FIGS. 3 and 8 illustrate embodiments of the present invention. Each includes a main body 16, a curved portion 18, and a lower edge 20, and is positioned with respect to an associated gutter 12 so that its arcuate section 18 is outside the trough 11 and the lower edge 20 is between the front and back walls of the gutter 12. Unlike prior art devices, however, these embodiments of this invention include ridges 30, arrayed substantially parallel to the axis of the arcuate portion 18. Three ribs are shown. Although it is within the contemplation of this invention that any number of such ribs may be used, it has been found that a single such rib is of minimal effectiveness for the purposes herein described, that two work well, and that excellent results are obtained with three or more. Generally speaking, it may be postulated that the number of ribs should be increased correspondingly to increases in the maximum quantity of water it is desired to accomodate, particularly where, through the operation of such material as an oil film, the surface wetting characteristics are more or less inhibited. It will be clear that such ribs may easily be incorporated into the sheet metal, plastic or other material from which the device 10 is made by initial casting, rolling, including them as an added part of the cross-section, or other known per se means, and that usually the ribs will have the added feature of strengthening the device against deflection in the longitudinal direction. As will be apparent from FIGS. 3, 8 and 9, the effect of the ribs 30 is to form longitudinal weirs and ponds 33 down the length of the device. As a result, water traversing the device has its velocity interrupted as it collides with the upper surfaces of the ribs and is distributed more or less uniformly across the face of the device. This effect is further enhanced when a second rib is added, and more so with a third. Past a certain number, further enhancement may occur in decreasing amount but not significantly so. In practice, it has been found advantageous to have the plane of the top surface of the deflector intersected by the upstream surface of the uppermost ridge at least (and preferably the other ribs as well) at a pronounced angle, rather than a gentle slope. This causes water moving across the deflector to be confronted by a relatively abrupt barrier at each such intersection, rather than a ramp over which the moving water will shoot, instead of cascading substantially evenly after having first collided with the rib and become more or less co-mingled with the pool of water formed above the ridge. This is emphasized in FIG. 9 where the intersection angle ρ is shown to be steep; i.e. in the range of 55░-85░. Obviously, the intersection angle may be made greater for ribs of semi-circular cross-section by raising the center, or shallower by lowering it. Further, other cross-sectional shapes may be utilized to exploit the phenomenon more effectively. For example, sectors of ellipses can be made to combine lower crowns of the ribs with steeper top and bottom intersections than circular cross-sections, while tear drop shapes can produce regulated crown heights with abrupt "up-stream" intersections while having tapered or shallow sloped "down-stream" intersections. It should also be clear that the upper surfaces of the ribs need not necessarily be arcuate in cross-section. For example, ribs which are merely linear, are quadrilateral, or are "saw-tooth" in cross-section will also function effectively.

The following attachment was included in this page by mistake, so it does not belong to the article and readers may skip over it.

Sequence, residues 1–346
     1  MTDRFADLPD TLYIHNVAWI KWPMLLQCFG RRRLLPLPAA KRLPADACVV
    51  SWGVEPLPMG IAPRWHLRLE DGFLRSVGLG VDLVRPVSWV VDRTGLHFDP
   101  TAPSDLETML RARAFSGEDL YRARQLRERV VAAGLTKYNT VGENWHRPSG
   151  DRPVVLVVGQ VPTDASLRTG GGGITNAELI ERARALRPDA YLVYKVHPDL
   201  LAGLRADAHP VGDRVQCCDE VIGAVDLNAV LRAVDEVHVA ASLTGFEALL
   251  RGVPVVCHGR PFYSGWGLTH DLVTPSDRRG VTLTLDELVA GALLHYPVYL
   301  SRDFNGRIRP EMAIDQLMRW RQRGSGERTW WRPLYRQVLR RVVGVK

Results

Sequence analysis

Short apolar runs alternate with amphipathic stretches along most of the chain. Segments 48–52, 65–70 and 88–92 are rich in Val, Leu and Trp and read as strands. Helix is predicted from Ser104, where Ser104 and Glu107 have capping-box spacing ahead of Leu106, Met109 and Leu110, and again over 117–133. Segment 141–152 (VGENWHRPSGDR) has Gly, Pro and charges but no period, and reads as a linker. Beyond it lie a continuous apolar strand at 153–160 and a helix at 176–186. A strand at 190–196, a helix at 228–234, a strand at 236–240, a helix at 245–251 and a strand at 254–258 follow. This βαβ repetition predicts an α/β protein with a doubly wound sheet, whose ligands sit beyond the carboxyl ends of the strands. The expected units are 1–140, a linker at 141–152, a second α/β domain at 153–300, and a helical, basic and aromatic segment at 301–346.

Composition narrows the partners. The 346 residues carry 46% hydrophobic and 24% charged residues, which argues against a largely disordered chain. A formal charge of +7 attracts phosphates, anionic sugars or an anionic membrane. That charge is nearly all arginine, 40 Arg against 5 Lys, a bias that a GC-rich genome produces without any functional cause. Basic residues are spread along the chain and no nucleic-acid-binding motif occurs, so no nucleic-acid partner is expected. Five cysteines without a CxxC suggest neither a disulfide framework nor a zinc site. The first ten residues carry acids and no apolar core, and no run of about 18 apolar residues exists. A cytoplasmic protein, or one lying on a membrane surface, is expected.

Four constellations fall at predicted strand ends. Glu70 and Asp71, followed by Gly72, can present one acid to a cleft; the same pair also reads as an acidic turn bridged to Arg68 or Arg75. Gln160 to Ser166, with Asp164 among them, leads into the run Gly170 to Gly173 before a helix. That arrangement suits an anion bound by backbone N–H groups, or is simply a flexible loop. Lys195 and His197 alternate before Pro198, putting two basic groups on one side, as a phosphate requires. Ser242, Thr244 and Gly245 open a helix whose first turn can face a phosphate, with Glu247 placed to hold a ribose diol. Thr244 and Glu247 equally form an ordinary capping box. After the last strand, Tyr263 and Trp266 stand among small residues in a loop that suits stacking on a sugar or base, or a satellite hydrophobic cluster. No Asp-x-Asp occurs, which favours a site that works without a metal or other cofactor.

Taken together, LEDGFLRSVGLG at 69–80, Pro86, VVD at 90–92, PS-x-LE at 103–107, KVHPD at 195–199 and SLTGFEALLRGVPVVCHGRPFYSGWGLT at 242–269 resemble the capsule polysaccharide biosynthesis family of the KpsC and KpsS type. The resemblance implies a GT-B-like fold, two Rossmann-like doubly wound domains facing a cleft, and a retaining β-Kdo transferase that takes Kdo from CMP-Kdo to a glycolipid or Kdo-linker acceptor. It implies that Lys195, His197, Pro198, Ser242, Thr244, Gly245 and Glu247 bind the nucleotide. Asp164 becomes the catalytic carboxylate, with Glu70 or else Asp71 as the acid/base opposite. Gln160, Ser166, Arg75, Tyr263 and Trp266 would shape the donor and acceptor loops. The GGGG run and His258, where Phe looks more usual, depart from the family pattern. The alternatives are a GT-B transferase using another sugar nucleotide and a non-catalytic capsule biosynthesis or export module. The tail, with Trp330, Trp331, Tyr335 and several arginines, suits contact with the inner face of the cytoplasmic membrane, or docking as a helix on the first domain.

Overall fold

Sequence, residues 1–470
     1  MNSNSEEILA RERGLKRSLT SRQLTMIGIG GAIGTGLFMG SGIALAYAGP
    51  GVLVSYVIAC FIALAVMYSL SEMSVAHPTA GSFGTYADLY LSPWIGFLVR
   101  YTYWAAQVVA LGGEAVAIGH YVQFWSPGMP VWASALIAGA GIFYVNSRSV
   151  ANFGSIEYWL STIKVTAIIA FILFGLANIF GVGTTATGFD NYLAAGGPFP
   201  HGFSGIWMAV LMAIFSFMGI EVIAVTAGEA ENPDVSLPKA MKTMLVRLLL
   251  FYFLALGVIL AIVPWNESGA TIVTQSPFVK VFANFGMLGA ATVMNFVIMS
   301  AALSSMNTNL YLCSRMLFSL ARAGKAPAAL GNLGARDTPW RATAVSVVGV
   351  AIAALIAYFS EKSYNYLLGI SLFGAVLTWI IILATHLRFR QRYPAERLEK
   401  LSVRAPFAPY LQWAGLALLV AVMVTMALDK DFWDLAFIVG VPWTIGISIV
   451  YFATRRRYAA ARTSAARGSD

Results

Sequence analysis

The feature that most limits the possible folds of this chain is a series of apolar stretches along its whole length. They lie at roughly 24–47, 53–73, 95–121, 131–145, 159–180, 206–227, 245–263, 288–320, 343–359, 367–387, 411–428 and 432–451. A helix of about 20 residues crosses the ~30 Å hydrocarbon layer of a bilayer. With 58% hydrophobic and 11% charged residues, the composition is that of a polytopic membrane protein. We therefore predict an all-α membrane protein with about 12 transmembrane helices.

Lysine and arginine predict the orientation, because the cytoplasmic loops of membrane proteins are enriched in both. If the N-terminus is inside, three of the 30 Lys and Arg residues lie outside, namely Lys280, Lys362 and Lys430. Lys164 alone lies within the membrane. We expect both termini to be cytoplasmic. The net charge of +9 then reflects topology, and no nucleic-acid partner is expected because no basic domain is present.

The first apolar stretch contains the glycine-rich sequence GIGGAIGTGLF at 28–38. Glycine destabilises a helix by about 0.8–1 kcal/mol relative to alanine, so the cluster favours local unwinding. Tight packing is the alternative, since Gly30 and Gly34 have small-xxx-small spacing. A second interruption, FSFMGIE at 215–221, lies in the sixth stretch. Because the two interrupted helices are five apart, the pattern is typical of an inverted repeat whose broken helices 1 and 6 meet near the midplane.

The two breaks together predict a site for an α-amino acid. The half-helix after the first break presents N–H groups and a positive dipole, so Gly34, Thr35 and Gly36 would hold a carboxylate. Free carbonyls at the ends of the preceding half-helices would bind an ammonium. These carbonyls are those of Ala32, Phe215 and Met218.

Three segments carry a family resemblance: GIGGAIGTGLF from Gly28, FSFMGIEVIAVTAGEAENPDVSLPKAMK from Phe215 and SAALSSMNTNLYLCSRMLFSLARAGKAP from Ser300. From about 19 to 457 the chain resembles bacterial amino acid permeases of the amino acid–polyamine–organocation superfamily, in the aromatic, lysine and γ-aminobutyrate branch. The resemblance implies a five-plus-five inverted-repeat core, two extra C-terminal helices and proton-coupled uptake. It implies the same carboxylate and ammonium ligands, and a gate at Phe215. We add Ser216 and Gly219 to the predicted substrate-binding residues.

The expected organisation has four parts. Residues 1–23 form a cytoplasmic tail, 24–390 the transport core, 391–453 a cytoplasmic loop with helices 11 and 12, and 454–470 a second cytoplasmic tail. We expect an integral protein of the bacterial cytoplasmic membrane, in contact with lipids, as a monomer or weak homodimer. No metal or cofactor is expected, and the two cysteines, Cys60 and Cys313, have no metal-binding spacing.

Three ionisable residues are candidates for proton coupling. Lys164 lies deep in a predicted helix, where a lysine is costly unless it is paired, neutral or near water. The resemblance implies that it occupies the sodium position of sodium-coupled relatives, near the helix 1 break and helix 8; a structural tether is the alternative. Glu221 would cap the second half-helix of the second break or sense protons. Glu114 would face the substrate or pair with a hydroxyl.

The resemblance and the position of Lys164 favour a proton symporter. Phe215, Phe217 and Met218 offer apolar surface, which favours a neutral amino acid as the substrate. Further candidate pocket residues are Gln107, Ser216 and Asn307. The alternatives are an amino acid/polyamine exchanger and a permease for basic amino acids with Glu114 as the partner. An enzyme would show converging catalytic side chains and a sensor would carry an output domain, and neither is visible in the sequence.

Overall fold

As this implies, the height of the crown, or top-most point on the rib with respect to the plane of the upper deflector surface, can also have an affect on achieving the desired "pooling" and cascading attenuation, rather than overshooting with consequent rivuletting and disruption of the desired surface tension phenomenon. These parameters may be individually or collectively manipulated by those skilled in the cognizant arts in light of the particular roof slope-angle, deflector angle, anticipated water flow volume and other determinative factors.
The effectiveness of such ribs may also be enhanced by having the lowest (i.e., most "down-stream") of them in close proximity to the top of the curved portion, since this gives the water less opportunity to accelerate beyond desired limits after passing over the lowest rib. It has been found advantageous in certain installations for this spacing to be about 11/2 inches. The effect of such velocity attenuations and lateral re-distributions is to reduce the kinetic forces which tend to cause water traversing the device to break free in the course of traversing the arcuate portion 18 of the device, thereby permitting the surface tension forces to dominate the behavior of the water and to cause the water to follow the device around and into the gutter 12; all as shown in FIGS. 3 and 4. They also tend to break up "rivuletting". Note particularly that with the present invention, a smaller radius arcuate section 18 and/or positioning the deflector so that its upper flat surface is at a shallower angle than that of the roof surface, as hereinafter described, can obviate the necessity of relocating the gutter lower on the fascia board, particularly in "retrofit" installations.